The Bayelsa State governor, Douye Diri, has described the Petroleum Industry Acts (PIA) recently signed into law by President Muhammadu Buhari as another step taken by the Federal Government to keep the oil-producing states as surbordinates.  

The governor, while speaking during the state banquet to mark Nigeria's 61 years independence anniversary and 25th anniversary of the creation of Bayelsa State in Yenagoa, appealed to aggrieved interests across the country to stop bloodletting and use dialogue to resolve differences. 

He urged the Federal Government to reconsider the provisions of the PIA for the good of the oil producing states and the interest of peace. 

He said, “The recent passage and signing into law of the Petroleum Industry Act which I have tagged ‘as a recipe for anarchy' is yet another step taken to subordinate the oil producing states and make it more like a subordinate and superordinate relationship. 

“There is a missing gap in the relationship of our dear state Bayelsa and indeed the Niger Delta states and the centre is affected. I keep saying it at all times, that every day, we as a people, we worship, every Sunday, we go to Church to worship, every Friday the Muslims go to Mosque to worship, but we still have sins in our society.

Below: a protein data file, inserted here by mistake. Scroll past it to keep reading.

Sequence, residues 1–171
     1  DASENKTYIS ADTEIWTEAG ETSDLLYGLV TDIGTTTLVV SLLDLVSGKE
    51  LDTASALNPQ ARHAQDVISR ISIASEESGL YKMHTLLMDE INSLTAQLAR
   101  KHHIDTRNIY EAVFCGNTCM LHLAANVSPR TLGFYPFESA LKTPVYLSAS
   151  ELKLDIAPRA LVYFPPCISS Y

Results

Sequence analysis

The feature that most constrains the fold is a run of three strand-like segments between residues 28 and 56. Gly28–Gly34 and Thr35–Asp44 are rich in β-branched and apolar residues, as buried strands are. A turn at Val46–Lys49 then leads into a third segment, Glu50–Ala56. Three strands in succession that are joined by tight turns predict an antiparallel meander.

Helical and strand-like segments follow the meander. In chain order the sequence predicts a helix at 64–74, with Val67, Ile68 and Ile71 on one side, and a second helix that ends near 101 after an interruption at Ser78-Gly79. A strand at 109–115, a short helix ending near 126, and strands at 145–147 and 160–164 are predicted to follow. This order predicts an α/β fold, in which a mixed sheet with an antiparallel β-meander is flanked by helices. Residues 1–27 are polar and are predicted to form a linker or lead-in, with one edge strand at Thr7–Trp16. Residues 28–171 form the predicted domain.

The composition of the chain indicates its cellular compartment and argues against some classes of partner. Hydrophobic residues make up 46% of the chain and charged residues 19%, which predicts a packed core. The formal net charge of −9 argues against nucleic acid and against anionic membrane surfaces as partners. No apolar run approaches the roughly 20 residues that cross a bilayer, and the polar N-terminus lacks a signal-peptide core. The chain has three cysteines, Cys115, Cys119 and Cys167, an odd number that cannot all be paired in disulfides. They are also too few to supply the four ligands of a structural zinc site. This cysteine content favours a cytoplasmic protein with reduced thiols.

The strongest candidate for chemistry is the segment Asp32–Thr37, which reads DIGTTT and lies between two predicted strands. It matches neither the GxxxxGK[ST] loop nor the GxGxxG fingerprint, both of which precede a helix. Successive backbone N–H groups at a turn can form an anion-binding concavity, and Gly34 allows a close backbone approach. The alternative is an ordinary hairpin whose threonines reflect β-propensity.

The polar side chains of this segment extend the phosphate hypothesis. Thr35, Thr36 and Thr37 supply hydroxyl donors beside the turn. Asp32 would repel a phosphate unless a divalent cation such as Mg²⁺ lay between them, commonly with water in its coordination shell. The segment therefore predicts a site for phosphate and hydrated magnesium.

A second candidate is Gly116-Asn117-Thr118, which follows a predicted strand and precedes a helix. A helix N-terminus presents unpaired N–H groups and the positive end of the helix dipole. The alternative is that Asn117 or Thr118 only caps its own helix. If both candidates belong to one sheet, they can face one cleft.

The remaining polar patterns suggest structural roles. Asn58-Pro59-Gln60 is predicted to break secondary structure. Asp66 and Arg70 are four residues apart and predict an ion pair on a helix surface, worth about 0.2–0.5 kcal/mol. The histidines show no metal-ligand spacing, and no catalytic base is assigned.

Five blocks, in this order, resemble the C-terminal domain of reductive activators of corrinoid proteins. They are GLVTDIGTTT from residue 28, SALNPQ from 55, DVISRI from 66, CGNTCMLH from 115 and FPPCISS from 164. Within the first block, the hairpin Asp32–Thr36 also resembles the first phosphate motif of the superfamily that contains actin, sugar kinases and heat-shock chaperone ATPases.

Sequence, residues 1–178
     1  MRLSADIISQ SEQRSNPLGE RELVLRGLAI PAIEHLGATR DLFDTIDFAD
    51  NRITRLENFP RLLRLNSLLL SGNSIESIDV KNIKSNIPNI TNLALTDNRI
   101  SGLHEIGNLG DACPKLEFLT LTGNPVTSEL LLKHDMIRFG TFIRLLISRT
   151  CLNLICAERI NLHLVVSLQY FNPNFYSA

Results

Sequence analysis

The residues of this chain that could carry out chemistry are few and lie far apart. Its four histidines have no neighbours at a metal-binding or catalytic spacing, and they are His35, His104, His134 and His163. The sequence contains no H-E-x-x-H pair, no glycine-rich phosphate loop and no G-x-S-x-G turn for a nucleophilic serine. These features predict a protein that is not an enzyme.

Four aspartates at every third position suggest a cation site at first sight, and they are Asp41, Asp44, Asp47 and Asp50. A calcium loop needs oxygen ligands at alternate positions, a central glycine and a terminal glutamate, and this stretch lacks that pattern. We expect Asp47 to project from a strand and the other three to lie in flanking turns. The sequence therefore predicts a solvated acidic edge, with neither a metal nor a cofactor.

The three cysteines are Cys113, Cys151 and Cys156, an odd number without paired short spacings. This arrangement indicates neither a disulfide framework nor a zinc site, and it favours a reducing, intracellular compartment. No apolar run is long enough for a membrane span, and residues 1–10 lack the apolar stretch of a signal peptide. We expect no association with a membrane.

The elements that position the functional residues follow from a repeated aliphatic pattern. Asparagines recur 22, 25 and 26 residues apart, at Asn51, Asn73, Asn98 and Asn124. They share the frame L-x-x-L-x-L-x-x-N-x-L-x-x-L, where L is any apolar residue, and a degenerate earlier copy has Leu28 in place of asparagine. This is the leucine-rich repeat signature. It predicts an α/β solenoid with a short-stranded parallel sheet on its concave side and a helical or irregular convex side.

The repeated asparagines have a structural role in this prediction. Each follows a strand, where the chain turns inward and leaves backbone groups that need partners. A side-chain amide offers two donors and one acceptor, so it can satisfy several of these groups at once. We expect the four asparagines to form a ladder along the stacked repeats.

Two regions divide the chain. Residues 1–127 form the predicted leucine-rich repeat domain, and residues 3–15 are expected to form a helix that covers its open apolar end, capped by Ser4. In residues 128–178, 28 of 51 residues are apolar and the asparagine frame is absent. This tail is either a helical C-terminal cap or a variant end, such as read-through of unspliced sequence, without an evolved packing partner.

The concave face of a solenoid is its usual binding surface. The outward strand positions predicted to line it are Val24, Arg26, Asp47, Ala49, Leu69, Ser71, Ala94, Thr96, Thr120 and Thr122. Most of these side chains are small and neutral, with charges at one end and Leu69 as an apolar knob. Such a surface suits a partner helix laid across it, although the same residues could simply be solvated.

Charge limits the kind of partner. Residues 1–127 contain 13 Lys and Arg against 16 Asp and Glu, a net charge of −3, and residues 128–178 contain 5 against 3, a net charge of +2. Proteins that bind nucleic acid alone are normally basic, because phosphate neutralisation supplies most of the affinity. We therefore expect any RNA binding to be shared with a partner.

“Therefore, in the same vain, we will not be tired to continue to talk about justice and freedom for Bayelsa State and indeed the Niger Delta region. 

“And for us as a state, I like to let us know that our oil is diminishing, there is a forecast that very soon, nobody will trade on oil again;  the European countries have already started doing away with fossils, therefore, while the oil still lasts, even though we have only 13%, and 87% is appropriated to the Federal Government, we will continue to talk about it. 

“But as we keep talking about it, we have to look for other ways of diversifying our economy in Bayelsa State. We are gathered here today to honour and renew the dreams of our founding fathers, of an egalitarian and prosperous Bayelsa State and Nigeria.”

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